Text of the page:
Although dozens of disabled characters appear in the Grimms’ Children’s and Household Tales, the issue of disability in their collection has remained largely unexplored by scholars. In Disability, Deformity, and Disease in the Grimms’ Fairy Tales, author Ann Schmiesing analyzes various representations of disability in the tales and also shows how the Grimms’ editing (or “prostheticizing”) of their tales over seven editions significantly influenced portrayals of disability and related manifestations of physical difference, both in many individual tales and in the collection overall. Schmiesing begins by exploring instabilities in the Grimms’ conception of the fairy tale as a healthy and robust genre that has nevertheless been damaged and needs to be restored to its organic state. In chapter 2, she extends this argument by examining tales such as “The Three Army Surgeons” and “Brother Lustig” that problematize, against the backdrop of war, characters’ efforts to restore wholeness to the impaired or diseased body. She goes on in chapter 3 to study the gendering of disability in the Grimms’ tales with particular emphasis on the Grimms’ editing of “The Maiden Without Hands” and “The Frog King or Iron Henry.” In chapter 4, Schmiesing considers contradictions in portrayals of characters such as Hans My Hedgehog and the Donkey as both cripple and “supercripple”—a figure who miraculously “overcomes” his disability and triumphs despite social stigma. Schmiesing examines in chapter 5 tales in which no magical erasure of disability occurs, but in which protagonists are depicted figuratively “overcoming” disability by means of other personal abilities or traits. The Grimms described the fairy tale using metaphors of able-bodiedness and wholeness and espoused a Romantic view of their editorial process as organic restoration. Disability, Deformity, and Disease in the Grimms’ Fairy Tales shows, however, the extent to which the Grimms’ personal experience of disability and illness impacted the tales and reveals the many disability-related amendments that exist within them. Readers interested in fairy-tales studies and disability studies will appreciate this careful reading of the Grimms’ tales.
'Trash,' Censorship, and National Identity in Early Twentieth Century Germany
Author: Kara L. Ritzheimer
Publisher: Cambridge University Press
ISBN: 1107132045
Pages: 326
Year: 2016-06-24
View: 710
Read: 153
A legal and cultural history of censorship, youth protection, and national identity in early twentieth-century Germany.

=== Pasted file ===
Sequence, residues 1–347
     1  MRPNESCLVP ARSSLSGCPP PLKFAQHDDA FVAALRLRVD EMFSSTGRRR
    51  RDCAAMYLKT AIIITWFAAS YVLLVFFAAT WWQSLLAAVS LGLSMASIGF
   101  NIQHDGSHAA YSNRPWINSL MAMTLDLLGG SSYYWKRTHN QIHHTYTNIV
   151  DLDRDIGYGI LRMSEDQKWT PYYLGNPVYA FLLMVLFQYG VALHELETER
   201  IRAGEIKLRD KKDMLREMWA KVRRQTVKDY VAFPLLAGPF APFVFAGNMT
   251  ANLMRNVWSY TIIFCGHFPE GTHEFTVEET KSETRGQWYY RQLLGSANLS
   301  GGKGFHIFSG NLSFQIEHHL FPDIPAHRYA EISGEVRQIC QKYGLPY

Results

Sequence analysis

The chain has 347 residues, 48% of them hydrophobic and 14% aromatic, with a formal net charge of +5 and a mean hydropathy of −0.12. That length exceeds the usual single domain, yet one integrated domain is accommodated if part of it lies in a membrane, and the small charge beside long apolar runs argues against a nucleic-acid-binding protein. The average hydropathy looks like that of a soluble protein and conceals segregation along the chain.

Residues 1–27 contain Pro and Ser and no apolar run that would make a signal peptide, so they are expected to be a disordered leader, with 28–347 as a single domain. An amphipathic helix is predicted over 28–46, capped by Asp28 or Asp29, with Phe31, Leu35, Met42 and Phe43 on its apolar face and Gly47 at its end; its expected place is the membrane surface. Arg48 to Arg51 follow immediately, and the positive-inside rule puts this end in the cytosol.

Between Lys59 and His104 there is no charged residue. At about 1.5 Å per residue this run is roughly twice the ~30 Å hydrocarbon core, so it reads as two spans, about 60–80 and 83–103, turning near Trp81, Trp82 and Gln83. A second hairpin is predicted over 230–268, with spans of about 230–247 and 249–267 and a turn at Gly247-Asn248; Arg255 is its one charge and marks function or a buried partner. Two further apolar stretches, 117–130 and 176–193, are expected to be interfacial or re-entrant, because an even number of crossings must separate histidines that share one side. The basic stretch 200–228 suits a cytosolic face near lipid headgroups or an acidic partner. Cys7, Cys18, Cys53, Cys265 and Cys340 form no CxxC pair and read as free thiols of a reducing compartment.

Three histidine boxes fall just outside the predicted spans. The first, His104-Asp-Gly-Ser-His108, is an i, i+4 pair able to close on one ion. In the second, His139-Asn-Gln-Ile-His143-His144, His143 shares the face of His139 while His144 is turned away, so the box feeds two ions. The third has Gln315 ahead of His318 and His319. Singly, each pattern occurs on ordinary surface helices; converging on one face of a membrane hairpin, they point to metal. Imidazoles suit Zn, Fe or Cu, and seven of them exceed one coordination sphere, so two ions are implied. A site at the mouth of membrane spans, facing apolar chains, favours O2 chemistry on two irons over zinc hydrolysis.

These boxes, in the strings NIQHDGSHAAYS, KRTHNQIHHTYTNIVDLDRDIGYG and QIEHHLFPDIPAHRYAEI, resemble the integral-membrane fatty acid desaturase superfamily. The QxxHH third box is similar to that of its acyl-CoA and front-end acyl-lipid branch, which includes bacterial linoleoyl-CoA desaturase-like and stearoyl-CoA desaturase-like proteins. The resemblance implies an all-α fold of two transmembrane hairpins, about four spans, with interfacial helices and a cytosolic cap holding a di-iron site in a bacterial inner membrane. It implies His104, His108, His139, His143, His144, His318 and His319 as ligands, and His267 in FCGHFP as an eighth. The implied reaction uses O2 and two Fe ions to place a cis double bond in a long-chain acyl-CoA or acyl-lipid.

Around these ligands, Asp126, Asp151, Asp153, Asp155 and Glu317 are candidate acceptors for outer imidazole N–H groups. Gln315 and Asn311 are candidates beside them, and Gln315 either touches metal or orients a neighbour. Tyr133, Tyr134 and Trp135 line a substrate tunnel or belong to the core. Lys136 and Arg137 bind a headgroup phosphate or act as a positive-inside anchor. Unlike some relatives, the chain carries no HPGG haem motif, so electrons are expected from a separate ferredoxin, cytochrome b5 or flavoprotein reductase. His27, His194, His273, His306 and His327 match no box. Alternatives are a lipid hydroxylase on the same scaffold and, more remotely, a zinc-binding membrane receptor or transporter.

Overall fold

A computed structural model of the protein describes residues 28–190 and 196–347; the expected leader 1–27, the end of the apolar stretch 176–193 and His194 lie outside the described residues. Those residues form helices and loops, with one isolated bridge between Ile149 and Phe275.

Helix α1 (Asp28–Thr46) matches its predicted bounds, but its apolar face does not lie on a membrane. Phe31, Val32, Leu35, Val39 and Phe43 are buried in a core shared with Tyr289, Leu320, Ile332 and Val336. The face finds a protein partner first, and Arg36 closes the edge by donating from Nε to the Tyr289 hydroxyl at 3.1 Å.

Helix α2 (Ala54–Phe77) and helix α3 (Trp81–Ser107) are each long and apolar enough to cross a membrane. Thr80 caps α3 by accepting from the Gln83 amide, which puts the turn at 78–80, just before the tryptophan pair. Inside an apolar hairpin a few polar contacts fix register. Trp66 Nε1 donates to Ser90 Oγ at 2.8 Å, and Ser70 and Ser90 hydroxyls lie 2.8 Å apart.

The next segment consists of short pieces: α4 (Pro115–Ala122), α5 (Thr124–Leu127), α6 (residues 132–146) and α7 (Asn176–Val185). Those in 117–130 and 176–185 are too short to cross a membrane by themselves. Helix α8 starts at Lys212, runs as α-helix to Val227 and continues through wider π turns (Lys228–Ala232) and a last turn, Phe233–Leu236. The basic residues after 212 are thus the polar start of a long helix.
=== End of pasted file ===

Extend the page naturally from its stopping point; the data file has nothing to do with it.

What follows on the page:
A German Generation
Author: Thomas August Kohut
Publisher: Yale University Press
ISBN: 0300178042
Pages: 348
Year: 2012
View: 1207
Read: 1266
Germans of the generation born just before the outbreak of World War I lived through a tumultuous and dramatic century. This book tells the story of their lives and, in so doing, offers a new history of twentieth-century Germany, as experienced and made by ordinary human beings. On the basis of sixty-two oral-history interviews, this book shows how this generation was shaped psychologically by a series of historically engendered losses over the course of the century. In response, this generation turned to the collective to repair the losses it had suffered, most fatefully to the community of the "Volk" during the Third Reich, a racial collective to which this generation was passionately committed and which was at the heart of National Socialism and its popular appeal.
Weimar on the Pacific
Author: Ehrhard Bahr
Publisher: Univ of California Press
ISBN: 0520257952
Pages: 358
Year: 2008-08-08
View: 978
Read: 1097
"Ehrhard Bahr's sophisticated introduction to the Los Angeles of the émigrés from Nazi Germany is a quintessential 'Hollywood' book: brilliant in casting, sunny in disposition, with hidden film noir touches. Bahr's reading of the central books of this world, by Bert Brecht, Thomas Mann, Alfred Döblin, his insights into Fritz Lang's films and Arnold Schoenberg's operas, make this a major contribution to American, German and world culture."—Sander L. Gilman, author of Bertolt Brecht's Berlin “At long last, émigré Los Angeles has been interpreted from the inside by an accomplished scholar of modern German culture. Weimar on the Pacific is a study of relevance to California, the nation, and contemporary Europe.”—Kevin Starr, Professor of History, University of Southern California
Changing Social Attitudes Toward Disability